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Happy Birthday to the Wiki!

The first wiki, WikiWikiWeb, was created 14 years ago today, by Ward Cunningham. Since then, the wiki has become one of the most widely deployed collaboration tools available. One might even call the wiki the catalyst of the Social Software movement.

Why is the wiki so popular? There are several reasons, including ease of use, structured navigation, and the ability to track changes to wiki pages and roll back to previous versions. The democratic nature of the format, in which anyone who has access can edit the wiki, is undoubtedly a major contributor to its success as well.

The primary reason for the wiki’s success is its flexibility. Wikis have been used for everything from collaboratively authoring a document, to managing a project, to establishing a corporate knowledge base. We are seeing the same phenomenon today in Twitter, which is being used in ways that its creators never imagined.

So, at age 14, what has the wiki taught us? That collaboration tools should be designed for flexible, yet intuitive, use. Complexity is kryptonite to collaboration. Let’s remember that before we build and deploy enterprise collaboration software.


  1. Dan Keldsen

    Larry – Well, the original wiki wasn’t particularly seen as easy to use outside of the hardcore developer crowd it was originally created for.
    That’s why I can vividly recall, back at Delphi Group (a year or two after you had left), when I suggested we starting covering wikis and blogs along side ECM/WCM and “enterprise-class” content/collaboration offerings that I was laughed at heartily by my fellow analysts.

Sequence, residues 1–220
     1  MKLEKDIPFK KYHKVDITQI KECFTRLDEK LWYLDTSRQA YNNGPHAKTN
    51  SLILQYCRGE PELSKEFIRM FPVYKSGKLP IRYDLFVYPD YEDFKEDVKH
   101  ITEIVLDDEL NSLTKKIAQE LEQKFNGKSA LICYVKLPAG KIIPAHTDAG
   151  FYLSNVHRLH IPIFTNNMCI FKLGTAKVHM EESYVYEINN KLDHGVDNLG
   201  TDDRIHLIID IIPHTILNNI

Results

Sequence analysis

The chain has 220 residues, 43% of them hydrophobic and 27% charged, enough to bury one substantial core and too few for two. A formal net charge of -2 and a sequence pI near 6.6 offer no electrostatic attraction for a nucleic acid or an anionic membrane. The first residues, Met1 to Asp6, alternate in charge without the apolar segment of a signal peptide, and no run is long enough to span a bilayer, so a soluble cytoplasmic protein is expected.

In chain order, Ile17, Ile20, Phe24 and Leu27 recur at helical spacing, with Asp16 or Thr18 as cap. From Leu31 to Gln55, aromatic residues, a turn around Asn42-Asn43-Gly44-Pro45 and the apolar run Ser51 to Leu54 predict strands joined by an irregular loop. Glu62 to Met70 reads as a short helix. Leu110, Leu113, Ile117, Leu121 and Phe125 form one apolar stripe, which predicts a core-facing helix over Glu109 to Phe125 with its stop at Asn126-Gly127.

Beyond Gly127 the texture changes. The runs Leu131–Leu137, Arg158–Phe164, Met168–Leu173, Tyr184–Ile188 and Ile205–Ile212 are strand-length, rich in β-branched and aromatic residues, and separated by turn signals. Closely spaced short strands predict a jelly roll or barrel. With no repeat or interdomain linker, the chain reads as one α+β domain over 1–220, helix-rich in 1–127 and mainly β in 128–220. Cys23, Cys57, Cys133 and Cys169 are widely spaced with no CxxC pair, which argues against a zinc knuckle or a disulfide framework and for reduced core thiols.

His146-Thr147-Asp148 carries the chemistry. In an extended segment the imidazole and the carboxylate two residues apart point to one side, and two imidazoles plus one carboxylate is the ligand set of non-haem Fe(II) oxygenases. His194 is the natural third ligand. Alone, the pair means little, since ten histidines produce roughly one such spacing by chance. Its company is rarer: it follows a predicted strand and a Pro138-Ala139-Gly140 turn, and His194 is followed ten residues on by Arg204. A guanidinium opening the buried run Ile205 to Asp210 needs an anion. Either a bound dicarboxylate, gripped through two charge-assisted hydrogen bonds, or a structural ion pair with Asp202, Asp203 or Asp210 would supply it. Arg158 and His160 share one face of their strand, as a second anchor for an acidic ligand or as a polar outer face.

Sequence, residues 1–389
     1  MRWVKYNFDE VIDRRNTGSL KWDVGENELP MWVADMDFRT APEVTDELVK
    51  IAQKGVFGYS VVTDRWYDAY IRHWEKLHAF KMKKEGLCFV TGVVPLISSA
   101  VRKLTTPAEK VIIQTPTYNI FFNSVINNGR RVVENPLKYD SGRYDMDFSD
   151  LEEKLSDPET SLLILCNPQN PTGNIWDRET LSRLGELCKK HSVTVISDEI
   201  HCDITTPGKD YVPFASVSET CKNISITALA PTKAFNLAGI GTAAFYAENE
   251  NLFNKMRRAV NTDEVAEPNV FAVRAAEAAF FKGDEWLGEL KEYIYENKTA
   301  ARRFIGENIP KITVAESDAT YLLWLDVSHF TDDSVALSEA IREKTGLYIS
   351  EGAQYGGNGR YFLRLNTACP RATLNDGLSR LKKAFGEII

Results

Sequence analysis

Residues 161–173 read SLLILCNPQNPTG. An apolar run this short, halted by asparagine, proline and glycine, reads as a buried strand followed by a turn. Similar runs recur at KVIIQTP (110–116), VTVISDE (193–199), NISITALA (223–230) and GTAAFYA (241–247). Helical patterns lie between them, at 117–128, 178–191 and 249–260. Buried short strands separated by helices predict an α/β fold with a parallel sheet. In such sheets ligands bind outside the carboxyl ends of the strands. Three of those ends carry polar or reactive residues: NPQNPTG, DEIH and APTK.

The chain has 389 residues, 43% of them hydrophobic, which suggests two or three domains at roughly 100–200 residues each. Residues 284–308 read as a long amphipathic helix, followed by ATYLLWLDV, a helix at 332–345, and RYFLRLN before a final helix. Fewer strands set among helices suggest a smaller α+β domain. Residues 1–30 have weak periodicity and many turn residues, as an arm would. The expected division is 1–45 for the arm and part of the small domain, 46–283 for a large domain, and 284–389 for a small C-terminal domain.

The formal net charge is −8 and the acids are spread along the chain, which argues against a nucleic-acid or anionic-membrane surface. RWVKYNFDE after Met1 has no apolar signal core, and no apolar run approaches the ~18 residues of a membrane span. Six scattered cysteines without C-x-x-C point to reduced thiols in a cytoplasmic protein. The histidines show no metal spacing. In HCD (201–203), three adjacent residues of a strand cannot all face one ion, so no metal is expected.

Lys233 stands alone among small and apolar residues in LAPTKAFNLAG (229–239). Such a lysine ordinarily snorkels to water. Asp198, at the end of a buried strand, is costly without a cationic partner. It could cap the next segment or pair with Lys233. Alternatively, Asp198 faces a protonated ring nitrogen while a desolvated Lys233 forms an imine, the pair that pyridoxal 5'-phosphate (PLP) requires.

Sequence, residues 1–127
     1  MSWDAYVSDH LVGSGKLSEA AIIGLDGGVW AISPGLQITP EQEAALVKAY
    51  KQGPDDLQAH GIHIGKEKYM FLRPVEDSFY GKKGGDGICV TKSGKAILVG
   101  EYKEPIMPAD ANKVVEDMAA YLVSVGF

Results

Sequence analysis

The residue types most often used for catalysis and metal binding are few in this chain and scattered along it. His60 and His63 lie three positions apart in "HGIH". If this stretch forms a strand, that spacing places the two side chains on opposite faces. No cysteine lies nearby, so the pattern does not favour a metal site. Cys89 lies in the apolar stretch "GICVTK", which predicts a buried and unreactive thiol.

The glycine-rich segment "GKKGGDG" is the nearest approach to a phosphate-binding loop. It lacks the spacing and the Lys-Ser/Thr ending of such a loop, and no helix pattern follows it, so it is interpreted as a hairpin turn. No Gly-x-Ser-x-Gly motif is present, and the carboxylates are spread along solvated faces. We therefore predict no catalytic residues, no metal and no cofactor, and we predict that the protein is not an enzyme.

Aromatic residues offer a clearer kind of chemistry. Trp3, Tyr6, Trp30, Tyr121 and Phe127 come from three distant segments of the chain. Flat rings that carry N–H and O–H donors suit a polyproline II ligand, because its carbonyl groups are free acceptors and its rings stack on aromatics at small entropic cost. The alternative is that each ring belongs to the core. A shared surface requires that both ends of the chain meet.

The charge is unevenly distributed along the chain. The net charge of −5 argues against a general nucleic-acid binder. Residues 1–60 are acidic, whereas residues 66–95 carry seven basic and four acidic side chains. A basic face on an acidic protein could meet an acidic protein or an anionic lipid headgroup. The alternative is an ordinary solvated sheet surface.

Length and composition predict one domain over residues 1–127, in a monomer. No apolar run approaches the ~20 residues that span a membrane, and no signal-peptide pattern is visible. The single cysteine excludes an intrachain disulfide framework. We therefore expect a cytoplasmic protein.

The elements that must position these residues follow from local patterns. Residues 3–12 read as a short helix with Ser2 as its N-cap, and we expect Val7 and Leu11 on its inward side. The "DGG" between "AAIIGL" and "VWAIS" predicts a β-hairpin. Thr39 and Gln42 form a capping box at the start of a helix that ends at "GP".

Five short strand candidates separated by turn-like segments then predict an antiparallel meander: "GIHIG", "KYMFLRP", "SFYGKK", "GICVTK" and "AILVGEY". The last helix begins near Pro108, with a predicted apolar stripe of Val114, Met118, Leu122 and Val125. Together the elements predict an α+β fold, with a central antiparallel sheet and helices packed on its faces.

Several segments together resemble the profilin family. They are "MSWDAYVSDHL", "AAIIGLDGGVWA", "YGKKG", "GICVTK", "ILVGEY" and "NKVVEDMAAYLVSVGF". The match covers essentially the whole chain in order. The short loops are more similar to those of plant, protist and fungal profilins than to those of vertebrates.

“What a mess, who would ever use these things? What about security?”
    The wonder of disruptive innovation takes hold, and fast forward over the last 7 years. Wiki suppliers finally undertstand that most people don’t want CamelCase and secret handshakes to create content, they want a GUI that handles that fun for them.
    But I agree that what we NOW have as easy to use, flexible, has done great things for content and collaboration, breathed new life into portals (the ten year boomerang effect?), and overall, helped raise awareness around the globe for the benefits of doing ANYTHING to manage content.
    Ironically, wiki platforms these days are getting awfully complex and “massive” – the wikis of today bear little resemblance to the “as simple as possible” concept that Ward started with.

  2. Larry Hawes

    Thanks for your comment, Dan. I agree that wikis bear little resemblance today to what they were 14 years ago. Authoring has become far easier for the average user. Perhaps the biggest change, as you note, is the complexity and scale of wiki deployments. Wikis are now serving as the foundation for intranets in small companies!

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